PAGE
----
If you’ve ever read a writing magazine, or friended writers on social media, then it’s fairly easy to gain an insight into the writing world and all that entails. When I catch glimpses of other published authors posting constant updates about round-the-country book tours, school visits, library talks, multiple launches, multiple guest posts, tv appearances, the #amwriting hashtags announcing that another 5,000 words are complete, I get a little bit anxious (and envious) about being tied to a full time 9-5 day job. I always like a challenge, but I know it won’t be possible for me to be able to engage in the same level of activity as some writers, at such a constant pace.
A friend said something to me the other week which resonated with me – ‘Don’t focus too much on what other people are doing. Remember this is your own unique journey, so just focus on that’.
The same friend let me read an article in Mslexia magazine (Issue 66) titled, ‘Don’t give up the day job’, by Naomi Elster. This article upset my friend a bit due to the fact she had given up her own full time job to pursue creative projects and it made her feel a bit guilty.
I have to admit when I first started to read the article, I felt an element of relief – here’s a writer I can relate to, she understands the challenges which come from working a full time ‘day job’ and writing. But I stopped identifying with her pretty soon into the article and actually started to get quite annoyed. She wrote her piece in reaction to articles from other writers who believed, ‘You can’t write if you have to work too.’ Seeing as I’m living proof, (along with millions of other writers), that yes you can, I’m not disagreeing with the premise of her article. However, what she went on to do, in my opinion, was insult and condescend the writers who have given up the ‘day job’, as well as devalue the writing profession. Her line, ‘We live in a world with very real problems, problems that can’t be cured with an appropriate sonnet’ seemed quite disparaging. It made me think, but imagine the world we would live in if the creative arts didn’t exist? Books can be powerful, educational and magical and provide many with a very important escape from their repressed and limiting worlds.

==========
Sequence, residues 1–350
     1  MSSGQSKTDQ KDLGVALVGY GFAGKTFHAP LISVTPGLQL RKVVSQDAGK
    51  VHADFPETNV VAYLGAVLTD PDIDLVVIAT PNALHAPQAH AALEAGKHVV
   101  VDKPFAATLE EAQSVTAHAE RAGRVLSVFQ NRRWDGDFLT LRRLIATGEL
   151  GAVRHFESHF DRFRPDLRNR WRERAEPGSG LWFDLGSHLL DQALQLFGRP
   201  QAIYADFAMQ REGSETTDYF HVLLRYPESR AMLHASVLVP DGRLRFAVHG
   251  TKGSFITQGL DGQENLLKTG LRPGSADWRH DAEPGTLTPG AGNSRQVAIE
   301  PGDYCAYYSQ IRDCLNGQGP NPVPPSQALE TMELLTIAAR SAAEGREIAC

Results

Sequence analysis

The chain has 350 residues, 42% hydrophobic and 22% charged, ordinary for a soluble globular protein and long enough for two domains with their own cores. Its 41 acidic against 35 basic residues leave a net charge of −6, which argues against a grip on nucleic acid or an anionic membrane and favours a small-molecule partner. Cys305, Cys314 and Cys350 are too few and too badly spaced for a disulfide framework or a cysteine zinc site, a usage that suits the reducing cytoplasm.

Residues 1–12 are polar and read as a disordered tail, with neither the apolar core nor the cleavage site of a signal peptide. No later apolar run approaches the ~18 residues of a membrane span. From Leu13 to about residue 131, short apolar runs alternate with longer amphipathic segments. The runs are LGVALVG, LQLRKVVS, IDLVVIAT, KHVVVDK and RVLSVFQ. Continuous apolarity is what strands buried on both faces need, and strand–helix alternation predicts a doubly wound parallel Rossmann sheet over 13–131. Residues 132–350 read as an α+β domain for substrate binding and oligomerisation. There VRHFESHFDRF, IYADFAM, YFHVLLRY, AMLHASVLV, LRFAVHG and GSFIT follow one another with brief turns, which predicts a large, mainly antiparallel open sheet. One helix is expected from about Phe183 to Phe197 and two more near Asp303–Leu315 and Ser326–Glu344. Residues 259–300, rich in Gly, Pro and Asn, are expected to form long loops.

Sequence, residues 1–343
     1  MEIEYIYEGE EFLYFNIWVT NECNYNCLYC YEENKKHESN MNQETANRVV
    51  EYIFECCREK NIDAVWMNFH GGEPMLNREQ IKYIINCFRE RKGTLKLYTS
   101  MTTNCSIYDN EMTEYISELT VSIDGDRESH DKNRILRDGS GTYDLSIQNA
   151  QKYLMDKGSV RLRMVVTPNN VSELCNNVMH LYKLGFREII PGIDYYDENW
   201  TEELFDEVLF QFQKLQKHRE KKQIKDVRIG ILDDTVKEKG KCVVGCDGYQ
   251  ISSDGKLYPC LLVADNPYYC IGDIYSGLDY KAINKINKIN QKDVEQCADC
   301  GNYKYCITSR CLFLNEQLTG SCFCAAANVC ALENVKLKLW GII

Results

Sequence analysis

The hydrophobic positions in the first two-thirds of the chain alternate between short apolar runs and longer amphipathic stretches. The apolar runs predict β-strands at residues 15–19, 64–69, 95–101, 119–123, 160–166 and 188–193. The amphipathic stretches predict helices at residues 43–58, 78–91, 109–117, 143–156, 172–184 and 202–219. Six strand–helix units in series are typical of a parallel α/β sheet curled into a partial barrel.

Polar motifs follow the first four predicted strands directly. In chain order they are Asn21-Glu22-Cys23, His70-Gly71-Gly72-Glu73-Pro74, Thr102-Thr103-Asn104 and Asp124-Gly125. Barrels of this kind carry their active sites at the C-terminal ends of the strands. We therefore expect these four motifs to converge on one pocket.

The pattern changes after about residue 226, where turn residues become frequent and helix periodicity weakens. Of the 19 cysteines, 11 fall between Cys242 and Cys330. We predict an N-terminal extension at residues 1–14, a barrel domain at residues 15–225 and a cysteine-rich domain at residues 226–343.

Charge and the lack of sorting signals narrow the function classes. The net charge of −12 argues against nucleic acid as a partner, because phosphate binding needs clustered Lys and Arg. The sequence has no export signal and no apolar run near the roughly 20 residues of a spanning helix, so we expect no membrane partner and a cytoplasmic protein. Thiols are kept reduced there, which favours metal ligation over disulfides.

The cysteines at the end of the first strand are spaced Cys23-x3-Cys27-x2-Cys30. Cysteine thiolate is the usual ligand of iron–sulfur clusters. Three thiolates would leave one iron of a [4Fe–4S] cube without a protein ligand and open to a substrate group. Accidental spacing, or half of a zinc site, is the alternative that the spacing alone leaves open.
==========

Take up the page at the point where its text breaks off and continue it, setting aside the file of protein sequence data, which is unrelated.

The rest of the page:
The article continues with lines such as , ‘I doubt that any writer who isolates herself in the proverbial ivory tower will ever create stories and characters that anyone else can engage with- apart from another isolated writer, that is.’ This made me wonder ~ does she have an imagination- is she creative? If I gave up my ‘day job’ tomorrow I certainly wouldn’t be sitting in a ‘tower’ locking myself away from the world all day long, but even if I did, I know my imagination would conjure up some three dimensional ideas for me. And a lot of the time, if I’m in the middle of an intense piece of writing, isolation from distractions is necessary. An ivory tower would come in rather handy…
She implies that working a ‘day job’ is the only way to really live and experience ‘real life’. No, it’s not – being employed by a company means being restricted to a 9-5 (or set hours), often getting bogged down with repetitive tasks and surroundings. Don’t get me wrong, at times my job can be varied and interesting– I’m in a client facing job so I get to interact with new people every day, but elements of my job definitely drain my energy and stifle my creativity. I do like the routine of a job,(though would prefer a more part time routine!), and get fulfilment from it, but I have a much more fascinating and enjoyable time outside of work.
This writer then goes on to talk about how she had to spend a lot of time at home during long term sick leave, saying, ‘When I did venture out the house, the only people not at work were a handful of self-styled artistes who were permanently unemployed, by choice, and seemed determined to be misunderstood’. She doesn’t stop there but goes on to say, ‘(I)…found myself writing affected pretentious prose in a voice that didn’t suit me…’ (Implying this was due to hanging around with these artistes and attending too many spoken-word events). A helpful friend then told her, ‘Your writing just isn’t accessible anymore.’ She doesn’t specify why she was on sick leave, but I found this a poor example of visualising what life would be like if she didn’t have a ‘day job’. Physical or mental illness would clearly drain your energy levels, so few would be able to write anything worthwhile during that time. I've also hung out with some great, inspiring writers who treat their writing as a profession by day, and by night, and certainly don't act like misunderstood 'artistes'.
As you can probably tell this article provoked a strong reaction in me. This has made me even more acutely aware about how important it is for writers to focus on their own journeys and what works for them. As this writer is in a similar situation to me I thought she would be able to offer me some invaluable insight and advice into managing a busy life. Instead, it just made me realise how we are all very different in our approaches and that it can be wrong to categorise writers as those who have a supplementary ‘day job’, and those who don’t, as ‘work’ and responsibilities come in many different forms.
What is a good plan for you, won’t necessarily work (or be possible) for me, and that is ok. It’s still nice for writers to share advice and tips, (and I’ll certainly be picking brains on promotional aspects), but when any aspect of ‘advice’ starts to feel like pressure or judgement, I’m going to make a conscious effort to tune out. And that applies to the pressures I tend to put on myself too!
Tune out, and write on...